2018 van der Vlies, A. (2018). ‘Zoë Wicomb’s South African Essays: Intertextual Ethics, Translative Possibilities, and the Claims of Discursive Variety'. In A. van der Vlies (Ed.), Race, Nation, Translation South African Essays, 1990-2013 (pp. 3-33). New Haven, Connecticut; USA: Yale University Press.
    2018 van der Vlies, A., & Wicomb, Z. (2018). Intertextualities, Interdiscourses, and Intersectionalities: An Interview with Zoë Wicomb. In A. van der Vlies (Ed.), Race, Nation, Translation South African Essays, 1990-2013 (pp. 261-281). New Haven, Connecticut; USA: Yale University Press.
    2016 van der Vlies, A. (2016). The Novel and Apartheid. In S. Gikandi (Ed.), The Novel in Africa and the Caribbean Since 1950 (pp. 181-197). New York, NY; USA: Oxford University Press.
    2015 Van Der Vlies, A. (2015). "Même dying stop confirm arrival stop": Provincial literatures in global time-the case of Marlene van Niekerk's Agaat. In Institutions of World Literature: Writing, Translation, Markets (pp. 191-208). Routledge.
    DOI Scopus1
    2014 van der Vlies, A. (2014). ‘“[From] whom this writing then?”: Politics, Aesthetics and the Personal in Coetzee’s Age of Iron’.. In L. Wright, E. Boehmer, & J. Poyner (Eds.), Approaches to Teaching Coetzee's Disgrace and Other Works (pp. 96-104). Modern Language Assn of Amer.
    2012 van der Vlies, A. (2012). ‘Print, Text, and Books in South Africa.’. In A. van der Vlies (Ed.), Print, Text, and Book Cultures in South Africa (pp. 2-48). Wits University Press.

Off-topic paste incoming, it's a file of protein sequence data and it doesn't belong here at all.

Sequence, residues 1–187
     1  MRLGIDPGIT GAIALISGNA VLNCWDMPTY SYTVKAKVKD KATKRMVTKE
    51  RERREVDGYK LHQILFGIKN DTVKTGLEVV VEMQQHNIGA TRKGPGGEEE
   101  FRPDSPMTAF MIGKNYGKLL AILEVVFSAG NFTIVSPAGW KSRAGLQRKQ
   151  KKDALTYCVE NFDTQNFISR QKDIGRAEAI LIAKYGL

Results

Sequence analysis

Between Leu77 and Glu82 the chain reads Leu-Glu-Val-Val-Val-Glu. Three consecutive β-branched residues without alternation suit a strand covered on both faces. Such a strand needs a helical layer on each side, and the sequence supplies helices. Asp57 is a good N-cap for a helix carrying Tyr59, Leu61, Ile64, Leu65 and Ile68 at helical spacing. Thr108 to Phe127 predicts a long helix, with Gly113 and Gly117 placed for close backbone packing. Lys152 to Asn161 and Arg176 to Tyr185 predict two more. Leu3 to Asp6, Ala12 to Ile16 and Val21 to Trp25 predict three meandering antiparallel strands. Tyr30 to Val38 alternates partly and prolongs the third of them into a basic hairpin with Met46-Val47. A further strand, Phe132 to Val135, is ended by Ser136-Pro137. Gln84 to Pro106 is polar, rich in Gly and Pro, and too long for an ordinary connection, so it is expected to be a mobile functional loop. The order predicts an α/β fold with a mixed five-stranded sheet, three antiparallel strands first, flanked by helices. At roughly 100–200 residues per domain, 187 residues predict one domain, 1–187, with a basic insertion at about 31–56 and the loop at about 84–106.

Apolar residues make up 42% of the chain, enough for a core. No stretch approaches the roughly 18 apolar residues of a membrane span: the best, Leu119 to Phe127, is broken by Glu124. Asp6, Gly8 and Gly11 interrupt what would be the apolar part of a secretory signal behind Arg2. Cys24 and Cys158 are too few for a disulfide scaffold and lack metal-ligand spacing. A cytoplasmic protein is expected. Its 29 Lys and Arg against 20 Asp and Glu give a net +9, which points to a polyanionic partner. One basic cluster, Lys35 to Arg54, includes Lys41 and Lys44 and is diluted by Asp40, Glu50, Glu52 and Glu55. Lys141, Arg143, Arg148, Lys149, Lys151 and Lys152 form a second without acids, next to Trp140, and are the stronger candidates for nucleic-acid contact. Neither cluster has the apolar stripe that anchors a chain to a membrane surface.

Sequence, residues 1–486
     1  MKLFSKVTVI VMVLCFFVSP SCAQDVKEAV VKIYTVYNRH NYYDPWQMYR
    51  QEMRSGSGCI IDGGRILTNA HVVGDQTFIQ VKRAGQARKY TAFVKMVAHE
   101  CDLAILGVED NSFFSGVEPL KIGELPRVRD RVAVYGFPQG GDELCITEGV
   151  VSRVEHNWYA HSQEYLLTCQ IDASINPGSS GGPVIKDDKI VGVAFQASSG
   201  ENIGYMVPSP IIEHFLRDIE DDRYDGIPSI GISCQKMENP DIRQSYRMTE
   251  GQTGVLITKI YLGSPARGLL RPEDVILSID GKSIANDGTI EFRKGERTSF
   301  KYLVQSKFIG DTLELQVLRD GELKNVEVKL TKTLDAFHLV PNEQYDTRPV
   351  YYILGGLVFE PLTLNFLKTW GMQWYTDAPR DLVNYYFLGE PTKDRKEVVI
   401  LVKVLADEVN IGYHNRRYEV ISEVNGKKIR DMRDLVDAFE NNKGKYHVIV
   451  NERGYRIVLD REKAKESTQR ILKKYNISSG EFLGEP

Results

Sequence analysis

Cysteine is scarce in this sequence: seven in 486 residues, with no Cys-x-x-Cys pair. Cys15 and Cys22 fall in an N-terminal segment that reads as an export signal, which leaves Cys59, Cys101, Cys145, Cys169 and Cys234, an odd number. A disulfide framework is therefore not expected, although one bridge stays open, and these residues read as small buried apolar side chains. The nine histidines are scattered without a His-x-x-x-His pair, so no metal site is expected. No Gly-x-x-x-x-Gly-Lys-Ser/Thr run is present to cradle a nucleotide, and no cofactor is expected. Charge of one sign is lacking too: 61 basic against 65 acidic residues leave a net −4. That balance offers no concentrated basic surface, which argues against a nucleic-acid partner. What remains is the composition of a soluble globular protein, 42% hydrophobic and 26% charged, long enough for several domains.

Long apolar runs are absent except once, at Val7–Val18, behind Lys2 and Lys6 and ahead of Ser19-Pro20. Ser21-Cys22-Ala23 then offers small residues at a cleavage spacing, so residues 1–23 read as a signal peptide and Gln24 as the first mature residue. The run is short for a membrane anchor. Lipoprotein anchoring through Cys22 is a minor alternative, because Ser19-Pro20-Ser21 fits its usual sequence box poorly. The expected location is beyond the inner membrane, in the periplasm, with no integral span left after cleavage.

2012 van der Vlies, A. (2012). ‘In—or From—the Heart of the Country: Local and Global Lives of Coetzee’s Antipastoral’.. In A. van der Vlies (Ed.), Print, Text, and Book Cultures in South Africa. (pp. 166-194).
    2012 Van Der Vlies, A. (2012). South Africa in the global imaginary. In The Cambridge History of South African Literature (pp. 697-716). Cambridge University Press.
    DOI Scopus4
    2010 Van Der Vlies, A. (2010). The history of the book in sub-Saharan Africa. In The Oxford Companion to the Book (pp. 313-320). Oxford University Press.
    DOI Scopus2
    2010 van der Vlies, A. (2010). ‘July’s People in Context: Apartheid’s dystopias abroad’.. In B. Nicholls (Ed.), Nadine Gordimer's July's People: A Routledge Study Guide (pp. 115-130). Routledge.
    2008 Van Der Vlies, A. (2008). Outside the nation(al): 'South African' print and book cultures, and global 'text-scapes'. In R. Fraser, & M. Hammond (Eds.), Books Without Borders, Volume 1: The Cross-National Dimension in Print Culture (pp. 173-185). PALGRAVE.

I have been awarded fellowships and grants by the British Academy and Leverhulme Trust in the UK, the Harry Ransom Research Center in the US, and the Stellenbosch Institute for Advanced Study in South Africa. I am at present co-investigator on a British Arts and Humanities Research Council (AHRC)-funded project on South African modernisms, 1880-1920.